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Radiolaria, a class of Protozoa, (q.v.) belonging to the Rhizopoda, and including some of the most specialised of the Protozoa. They nearly all have a skeleton, which is formed usually of silica, but in one group (the Acantharia) it consists of a substance allied to chitin and called "Acanthine." The structure may be simple, consisting only of spicules, as in the Beloidea, which may be fused at one end, or be embedded in some organic matrix; as a rule the skeleton is complex, being composed of a series of rings, spines, or variously-shaped arrangements of lattice-work. The body is divided into two parts, a central capsule and an extra-capsular region. These are usually separated by a membrane pierced by numerous fine pores (Porulosa), or one or more apertures (Osculosa). The extra-capsular region is supported by a gelatinous skeleton known as the calymna in addition to the siliceous or acanthin skeleton which it usually surrounds. Reproduction is effected by budding, fission, or the development of spores; the first is rare and the last is the normal method. There are two kinds of spores: isospores and anisospores, of which the latter are sexual and the former asexual; an "alternation of generations" (q.v.) therefore takes place. The Radiolaria are all marine, and are commonest in tropical seas far from land, living either on the surface or at great depths. They occur less sparingly even in Arctic seas. They are known from very early geological ages; rich faunas are known in the Lower Silurian (Ordovician) rooks, and it has been recently claimed that they occur in Pre-Cambrian rocks; in that case they would be the oldest form of life. They are amall in size, the simple ones being rarely more than 1/25 inch in diameter; a few, however, are an inch in diameter, while some compound ones (Collozoum) may be a foot in length. Nevertheless, they are of great geological importance, as they form thick deposits as in the Barbados (late Tertiary in age), in Jurassic, and Palaeozoic oherts, and in some "phthanites" in the schists of the Cottian Alps. Their occurrence in some crystals of felspar (albite) has also been proved. The classification is us follows: -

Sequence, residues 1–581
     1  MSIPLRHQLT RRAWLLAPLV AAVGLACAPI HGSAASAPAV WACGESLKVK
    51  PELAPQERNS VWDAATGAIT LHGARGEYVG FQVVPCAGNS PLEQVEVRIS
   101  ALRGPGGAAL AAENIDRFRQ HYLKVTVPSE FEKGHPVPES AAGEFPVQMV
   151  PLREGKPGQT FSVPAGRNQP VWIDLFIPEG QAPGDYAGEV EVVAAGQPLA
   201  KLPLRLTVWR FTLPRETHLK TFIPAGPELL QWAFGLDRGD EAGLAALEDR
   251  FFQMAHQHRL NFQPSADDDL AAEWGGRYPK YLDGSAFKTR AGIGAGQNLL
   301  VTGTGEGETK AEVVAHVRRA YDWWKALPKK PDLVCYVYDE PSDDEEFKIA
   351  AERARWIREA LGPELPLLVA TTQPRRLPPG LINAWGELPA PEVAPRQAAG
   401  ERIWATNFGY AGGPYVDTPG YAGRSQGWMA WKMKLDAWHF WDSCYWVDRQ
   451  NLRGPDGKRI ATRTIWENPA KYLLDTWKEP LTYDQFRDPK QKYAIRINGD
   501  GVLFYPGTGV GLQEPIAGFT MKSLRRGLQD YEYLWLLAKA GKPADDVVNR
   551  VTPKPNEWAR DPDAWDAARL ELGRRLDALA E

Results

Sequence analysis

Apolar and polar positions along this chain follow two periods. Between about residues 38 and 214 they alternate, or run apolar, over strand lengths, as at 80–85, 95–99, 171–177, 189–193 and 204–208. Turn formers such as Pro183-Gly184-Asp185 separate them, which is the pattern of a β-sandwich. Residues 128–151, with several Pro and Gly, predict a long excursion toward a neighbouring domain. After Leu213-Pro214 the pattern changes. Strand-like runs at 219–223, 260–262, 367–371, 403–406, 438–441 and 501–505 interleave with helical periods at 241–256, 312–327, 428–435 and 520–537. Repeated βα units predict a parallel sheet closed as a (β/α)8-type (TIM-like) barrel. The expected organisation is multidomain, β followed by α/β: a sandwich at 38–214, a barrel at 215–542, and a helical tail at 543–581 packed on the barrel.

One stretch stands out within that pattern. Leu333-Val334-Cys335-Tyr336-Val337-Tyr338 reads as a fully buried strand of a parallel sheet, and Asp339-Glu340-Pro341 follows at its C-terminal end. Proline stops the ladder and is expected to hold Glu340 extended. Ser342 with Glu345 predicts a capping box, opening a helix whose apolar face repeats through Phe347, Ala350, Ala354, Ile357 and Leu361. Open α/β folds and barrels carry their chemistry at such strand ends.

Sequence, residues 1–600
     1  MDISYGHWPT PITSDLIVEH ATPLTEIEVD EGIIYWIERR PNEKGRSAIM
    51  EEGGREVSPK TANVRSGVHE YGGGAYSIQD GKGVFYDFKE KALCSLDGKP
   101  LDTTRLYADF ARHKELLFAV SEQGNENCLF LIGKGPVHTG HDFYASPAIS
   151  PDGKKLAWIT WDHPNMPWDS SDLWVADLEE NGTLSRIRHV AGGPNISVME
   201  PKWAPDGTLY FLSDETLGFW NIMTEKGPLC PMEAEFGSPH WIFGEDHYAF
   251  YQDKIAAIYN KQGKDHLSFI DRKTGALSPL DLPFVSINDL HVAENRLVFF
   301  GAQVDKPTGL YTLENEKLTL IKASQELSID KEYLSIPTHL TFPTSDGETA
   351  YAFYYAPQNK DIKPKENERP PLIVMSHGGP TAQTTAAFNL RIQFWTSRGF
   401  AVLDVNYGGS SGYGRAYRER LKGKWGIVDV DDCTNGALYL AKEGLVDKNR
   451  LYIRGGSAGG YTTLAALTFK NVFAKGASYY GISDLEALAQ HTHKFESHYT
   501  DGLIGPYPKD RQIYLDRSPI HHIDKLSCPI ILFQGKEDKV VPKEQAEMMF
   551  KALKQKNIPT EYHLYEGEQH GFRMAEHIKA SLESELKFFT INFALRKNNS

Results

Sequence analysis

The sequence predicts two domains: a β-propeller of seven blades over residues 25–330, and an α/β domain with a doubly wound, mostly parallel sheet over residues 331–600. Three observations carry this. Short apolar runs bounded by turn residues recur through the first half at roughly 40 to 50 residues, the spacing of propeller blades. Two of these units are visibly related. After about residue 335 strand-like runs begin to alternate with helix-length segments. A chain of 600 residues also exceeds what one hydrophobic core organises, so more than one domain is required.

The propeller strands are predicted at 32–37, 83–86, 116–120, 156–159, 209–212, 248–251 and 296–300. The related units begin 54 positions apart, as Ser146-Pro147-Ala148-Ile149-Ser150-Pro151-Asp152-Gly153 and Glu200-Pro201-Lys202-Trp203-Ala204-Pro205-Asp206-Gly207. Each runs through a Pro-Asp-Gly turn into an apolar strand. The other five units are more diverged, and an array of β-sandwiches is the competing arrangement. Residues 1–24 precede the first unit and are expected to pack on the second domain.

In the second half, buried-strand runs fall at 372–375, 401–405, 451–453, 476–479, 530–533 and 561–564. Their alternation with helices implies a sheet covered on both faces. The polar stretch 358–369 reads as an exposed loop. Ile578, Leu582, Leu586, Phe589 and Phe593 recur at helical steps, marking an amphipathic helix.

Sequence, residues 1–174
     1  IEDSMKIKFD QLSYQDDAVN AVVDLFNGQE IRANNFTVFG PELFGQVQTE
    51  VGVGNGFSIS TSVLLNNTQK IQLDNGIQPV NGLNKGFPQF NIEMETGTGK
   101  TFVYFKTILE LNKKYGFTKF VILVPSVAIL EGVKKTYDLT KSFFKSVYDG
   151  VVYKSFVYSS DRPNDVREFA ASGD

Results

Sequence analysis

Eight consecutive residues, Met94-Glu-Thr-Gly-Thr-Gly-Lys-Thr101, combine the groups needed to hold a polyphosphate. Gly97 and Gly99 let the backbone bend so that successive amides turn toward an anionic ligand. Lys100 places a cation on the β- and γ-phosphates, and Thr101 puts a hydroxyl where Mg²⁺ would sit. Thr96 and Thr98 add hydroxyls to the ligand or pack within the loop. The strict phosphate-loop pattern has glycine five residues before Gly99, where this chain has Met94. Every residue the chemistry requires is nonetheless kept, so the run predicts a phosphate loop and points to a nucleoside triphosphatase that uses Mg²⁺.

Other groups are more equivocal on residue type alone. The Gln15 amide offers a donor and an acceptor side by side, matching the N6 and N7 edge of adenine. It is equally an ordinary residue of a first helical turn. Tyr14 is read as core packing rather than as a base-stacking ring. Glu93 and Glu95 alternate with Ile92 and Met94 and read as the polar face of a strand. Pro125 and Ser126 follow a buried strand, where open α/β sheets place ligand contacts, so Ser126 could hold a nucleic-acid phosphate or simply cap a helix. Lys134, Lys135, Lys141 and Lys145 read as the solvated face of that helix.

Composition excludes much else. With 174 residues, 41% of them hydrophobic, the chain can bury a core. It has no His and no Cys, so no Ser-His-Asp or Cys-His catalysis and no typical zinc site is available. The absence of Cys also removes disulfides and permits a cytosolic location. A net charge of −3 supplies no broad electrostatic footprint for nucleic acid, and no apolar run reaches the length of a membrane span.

I. Porulosa: Capsular membrane penetrated by numerous fine pores.
  1. Spumellaria: Pores evenly divided: skeleton of silica or absent.
  2. Acantharia: Pores in lines or groups: skeleton of acanthin.
II. Osculosa; Capsular membrane with one or more large pores.
  3. Nassellaria: a porous aperture at one end of the axis.
  4. Phaeodaria: the main aperture is surrounded by a phaeodium - a mass of rounded green bodies which may be algae living with the radiolarian.

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